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Old 04-02-2009, 10:59 AM   #1
revefsreleets
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Default Buckeyes Roll Out New Offense Centered On Pryor...

I've been waiting for confirmation. I know there are many, many naysayers, and that's fine, you're certainly entitled to your opinion, but the facts are that Pryor was A) A true frosh who didn't even have the benefit of Spring ball B) Playing in Boeckmann's system and C) Never intended to start.

Considering those things, he did remarkable well. He was reigned in by Tress, and for good reason.

That's over. Bollman is rolling out a new offense based around the unique set of talents Terelle Pryor brings to the table. It will be HIS offense. I expect, given the constant stream of talent running through Columbus, that these Buckeyes will be in contention right out of the gate this year, and, if they beat USC in the Shoe in week 2, will have a NCG in their grasp and control their own destiny.

Go Bucks!

http://www.dispatch.com/live/content...Q.html?sid=101



Football: OSU set to meld a new offense
Overhaul will test Pryor's, players' ability to adjust
Wednesday, April 1, 2009 3:08 AM
By Tim May


THE COLUMBUS DISPATCH
[
Spring is in the air. So is change, it seems, for the Ohio State offense.
Terrelle Pryor said he can sense it. From his interaction with coach Jim Tressel and offensive coordinator Jim Bollman as well as the teammates who must fill seven vacant starting spots on the offense, the sophomore quarterback said the Buckeyes are eager for the start of spring drills Thursday.
"I can tell you the coaches are fired up," Pryor said. "Coach Tressel is really fired up; I meet with him every day in his office and I can tell. Coach Bollman is more fired up than I can ever remember seeing him.
"I think this spring is going to be very fun. Everyone seems to be looking forward to it."
Pryor knows change is in the works, and has been for a couple of months. A year ago, OSU's offense was designed to take advantage of the talents of returning senior quarterback Todd Boeckman and tailback Chris "Beanie" Wells, with some components for Pryor, considered a passing and rushing threat. Now, it will largely feature Pryor's talents.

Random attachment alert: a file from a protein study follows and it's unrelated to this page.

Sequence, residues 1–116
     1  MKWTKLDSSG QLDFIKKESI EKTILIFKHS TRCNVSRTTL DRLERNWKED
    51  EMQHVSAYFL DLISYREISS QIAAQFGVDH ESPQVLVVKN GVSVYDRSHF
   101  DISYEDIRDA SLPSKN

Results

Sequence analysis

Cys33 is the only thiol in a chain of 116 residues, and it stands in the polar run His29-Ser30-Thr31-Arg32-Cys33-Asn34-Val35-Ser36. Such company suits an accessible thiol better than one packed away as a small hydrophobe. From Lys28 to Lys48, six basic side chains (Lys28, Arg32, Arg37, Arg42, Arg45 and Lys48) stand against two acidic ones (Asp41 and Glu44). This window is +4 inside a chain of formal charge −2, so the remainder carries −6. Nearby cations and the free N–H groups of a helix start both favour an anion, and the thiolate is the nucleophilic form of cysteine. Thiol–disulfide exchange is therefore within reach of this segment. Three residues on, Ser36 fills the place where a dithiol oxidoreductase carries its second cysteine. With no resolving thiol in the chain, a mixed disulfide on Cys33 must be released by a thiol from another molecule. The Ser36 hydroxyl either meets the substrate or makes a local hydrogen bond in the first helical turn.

The offense will undergo changes that couldn't be made at midseason last year, when Tressel made Pryor the starter. But the Buckeyes apparently are looking at several options to upgrade this year's model.
That might include more use of the pistol formation, in which the quarterback lines up about 4 yards behind center with a tailback behind him. It also could include a version of the single-wing formation, in which the quarterback would line up about 7 yards behind center, but often would have a back crossing in front of him from a slot just before or just after the snap, creating options and confusion.
"From a team standpoint this spring we would like to get the communication down, because we're going to run the offense a little different," Pryor said. "We're going to run a lot of different plays with a whole bunch of different things we're putting in, like calling plays from the line of scrimmage.
"We want to leave camp as a passing team and a running team so we can just be unstoppable."
The offense is going to have a different feel no matter what, considering Pryor is the only returning starter who touched the ball last season. Gone are Wells, fullback Brandon Smith, receivers Brian Robiskie and Brian Hartline and tight end Rory Nicol.
Among those ready to step up are running backs Dan Herron and Brandon Saine; receivers DeVier Posey, Dane Sanzenbacher and Lamaar Thomas; and tight end Jake Ballard, who played as much as Nicol last year.
"I think the quarterback position is the one you give the most attention to, in regards to who you're going to become," Tressel said. "But you don't lose sight of the fact we're going to look different at running back and receiver. We're going to look different up front (with two new starters on the line).
"So it won't be all tailored to what Terrelle does well and to what (backup) Joe Bauserman does well. It will be some of what Boom Herron does well, what those wideouts do well, what Jake Ballard adds to the picture at tight end, and what Jake Stoneburner offers us now that we've moved him over to tight end."
Stoneburner, with a receiver's pedigree, could offer a stretch-the-field threat from tight end that hasn't been available for a number of seasons. So the options -- both from a personnel and a philosophical standpoint -- are there to overhaul an offense that ranked a lackluster 76{+t}{+h} nationally last year with a 342.69-yard average.
Tom Luginbill, who monitors college football and recruiting for Scouts Inc. of ESPN.com, said the OSU coaches did a "fantastic job" last year of not overloading their freshman quarterback, even as fans screamed for more.
Now, though, the offense will lean on Pryor now that he has experience.
"He is going to be expected to take that next step, taking on more of the responsibility of the scheme, allowing the coaches to implement more things (tailored to him) without him being overloaded," Luginbill said.
Pryor said he welcomes it, and that the key for the whole offense this spring is to waste no time.
"We want to get better every day, because these 15 practices, that's all we have until fall camp," Pryor said. "We want to use every single minute we've got."
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